Rust has a transcendent experience, and finds some hope in a feeling of love from his dead daughter and father. Has he really changed? Doesn't this just show us that all his cynical and nihilistic talk was a serious front he was putting up to avoid feeling the loss of his daughter? Also--spending a decade completely drunk in Alaska--same thing.

How serious was Billy Lee Tuttle's effort to get the Lang murder transferred to his hand-picked task force? We didn't see any real pressure on the 1995 CO to turn it over. In fact, the CO seemed to see it as attractive mainly as a way to save his budget. Do we think that Tuttle took one look at the lead detectives and decided that he didn't need to worry about it. "Eddie's going to be real pleased with these detectives" he says, or something close to that, and if you decide he's being sarcastic, then you can understand why the task force never actually took over--there was no need to.

Did we actually get verification that the Sheriff Childress who shut down the Marie Fontenot case ("Reported in Error") was actually Errol Childress's father--and thus was also the corpse kept bound on the bed in the family estate outbuilding? Was that official misconduct the act of a father covering up his son's misconduct, or did they have a more attenuated relationship? I actually find the idea that this was a twisted case of family covering up for each other in the hopes that they could protect their monstrous offspring much more interesting and complicated than a "rape cult" or "pedophile ring." (To say nothing about the nearly unbelievable report Charlie Lang gave of "some real good killing down south" as if this were a Louisiana version of "The Most Dangerous Game.")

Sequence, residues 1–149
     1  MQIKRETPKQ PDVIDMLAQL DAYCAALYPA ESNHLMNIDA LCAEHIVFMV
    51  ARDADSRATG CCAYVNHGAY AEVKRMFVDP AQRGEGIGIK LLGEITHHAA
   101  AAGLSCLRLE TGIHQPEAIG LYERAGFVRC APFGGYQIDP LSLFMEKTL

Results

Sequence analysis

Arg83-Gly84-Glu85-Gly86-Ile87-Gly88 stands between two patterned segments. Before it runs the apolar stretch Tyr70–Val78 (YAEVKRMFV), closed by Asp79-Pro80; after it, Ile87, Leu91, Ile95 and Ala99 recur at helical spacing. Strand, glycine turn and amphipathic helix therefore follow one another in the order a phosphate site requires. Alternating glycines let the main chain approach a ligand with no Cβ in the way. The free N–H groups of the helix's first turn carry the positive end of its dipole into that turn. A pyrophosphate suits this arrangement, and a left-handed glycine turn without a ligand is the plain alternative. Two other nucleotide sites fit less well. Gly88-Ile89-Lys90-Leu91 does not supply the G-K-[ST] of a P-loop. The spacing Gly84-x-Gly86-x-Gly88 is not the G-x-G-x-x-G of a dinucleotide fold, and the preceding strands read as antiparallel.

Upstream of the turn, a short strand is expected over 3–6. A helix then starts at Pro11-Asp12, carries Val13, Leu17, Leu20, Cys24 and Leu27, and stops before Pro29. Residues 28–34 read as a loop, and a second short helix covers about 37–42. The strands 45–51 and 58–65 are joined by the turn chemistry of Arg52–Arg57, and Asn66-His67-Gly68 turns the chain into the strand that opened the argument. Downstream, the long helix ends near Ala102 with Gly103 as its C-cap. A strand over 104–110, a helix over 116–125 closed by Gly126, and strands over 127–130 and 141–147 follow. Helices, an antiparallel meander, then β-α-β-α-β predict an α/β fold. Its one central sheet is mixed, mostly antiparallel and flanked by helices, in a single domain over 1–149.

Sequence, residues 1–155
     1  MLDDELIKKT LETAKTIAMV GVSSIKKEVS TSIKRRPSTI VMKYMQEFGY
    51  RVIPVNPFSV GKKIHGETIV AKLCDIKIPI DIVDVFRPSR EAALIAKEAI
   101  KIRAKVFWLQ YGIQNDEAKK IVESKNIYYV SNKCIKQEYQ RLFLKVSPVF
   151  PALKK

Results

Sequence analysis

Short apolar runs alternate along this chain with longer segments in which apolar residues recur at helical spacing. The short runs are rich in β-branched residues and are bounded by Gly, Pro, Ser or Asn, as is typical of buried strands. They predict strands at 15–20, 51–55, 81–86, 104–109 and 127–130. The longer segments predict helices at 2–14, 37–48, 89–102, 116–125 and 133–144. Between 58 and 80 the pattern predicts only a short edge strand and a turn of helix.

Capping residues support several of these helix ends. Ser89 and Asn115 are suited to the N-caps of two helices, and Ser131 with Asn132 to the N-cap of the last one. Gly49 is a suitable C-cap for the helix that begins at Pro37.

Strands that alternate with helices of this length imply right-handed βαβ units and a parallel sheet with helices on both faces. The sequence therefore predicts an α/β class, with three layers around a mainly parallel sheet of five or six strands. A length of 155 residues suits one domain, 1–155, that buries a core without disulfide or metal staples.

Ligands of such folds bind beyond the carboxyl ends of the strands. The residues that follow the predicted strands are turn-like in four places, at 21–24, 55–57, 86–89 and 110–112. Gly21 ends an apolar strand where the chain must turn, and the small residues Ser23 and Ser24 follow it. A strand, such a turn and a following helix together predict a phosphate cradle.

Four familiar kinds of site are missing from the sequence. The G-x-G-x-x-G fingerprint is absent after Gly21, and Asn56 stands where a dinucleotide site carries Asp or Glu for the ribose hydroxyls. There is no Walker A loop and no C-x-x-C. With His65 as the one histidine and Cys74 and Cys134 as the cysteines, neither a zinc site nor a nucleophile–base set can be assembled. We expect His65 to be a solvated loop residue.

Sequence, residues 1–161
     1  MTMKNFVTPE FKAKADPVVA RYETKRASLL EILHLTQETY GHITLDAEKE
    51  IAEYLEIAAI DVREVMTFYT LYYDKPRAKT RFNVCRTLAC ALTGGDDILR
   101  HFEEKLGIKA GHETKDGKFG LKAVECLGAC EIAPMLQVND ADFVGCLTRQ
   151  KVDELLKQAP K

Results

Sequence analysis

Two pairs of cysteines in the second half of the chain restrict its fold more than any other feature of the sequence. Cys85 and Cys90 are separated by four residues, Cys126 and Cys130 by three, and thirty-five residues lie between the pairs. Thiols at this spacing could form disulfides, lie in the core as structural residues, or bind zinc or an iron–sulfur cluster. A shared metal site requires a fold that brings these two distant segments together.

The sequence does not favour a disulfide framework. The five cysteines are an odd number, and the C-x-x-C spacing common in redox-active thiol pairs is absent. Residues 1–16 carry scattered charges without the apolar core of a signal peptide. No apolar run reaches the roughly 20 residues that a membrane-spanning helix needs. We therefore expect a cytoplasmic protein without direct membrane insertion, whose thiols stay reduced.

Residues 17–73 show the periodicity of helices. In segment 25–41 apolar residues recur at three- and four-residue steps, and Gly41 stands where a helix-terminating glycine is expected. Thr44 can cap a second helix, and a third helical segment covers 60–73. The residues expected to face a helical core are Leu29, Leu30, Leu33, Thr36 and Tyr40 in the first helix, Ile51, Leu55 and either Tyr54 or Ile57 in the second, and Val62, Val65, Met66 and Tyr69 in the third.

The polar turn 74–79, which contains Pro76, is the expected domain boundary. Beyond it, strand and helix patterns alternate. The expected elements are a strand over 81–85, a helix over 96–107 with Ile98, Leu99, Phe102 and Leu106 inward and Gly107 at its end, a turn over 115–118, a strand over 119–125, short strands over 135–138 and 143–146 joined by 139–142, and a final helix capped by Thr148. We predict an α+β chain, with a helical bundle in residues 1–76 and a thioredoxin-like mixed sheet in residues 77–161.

If we had even an instance of seeing complicated family relationships among the Tuttle/Childress clan, the whole Audrey mini-plot ("almost plot") would have resonated more powerfully. Children do unfortunate things, are sometimes sexually inappropriate, and not all parents see the situations clearly, nor do they always react appropriately. Marty's overlooking Audrey's creepy doll display--how different is that from "overlooking" Errol's oeuvre? If the show had made the connection that way--Marty is a small-time version of the Tuttle/Childress parents, protecting their children in unhealthy ways--the story would actually have been creepier, because you could see how small the distance is between the psychopaths and the average people.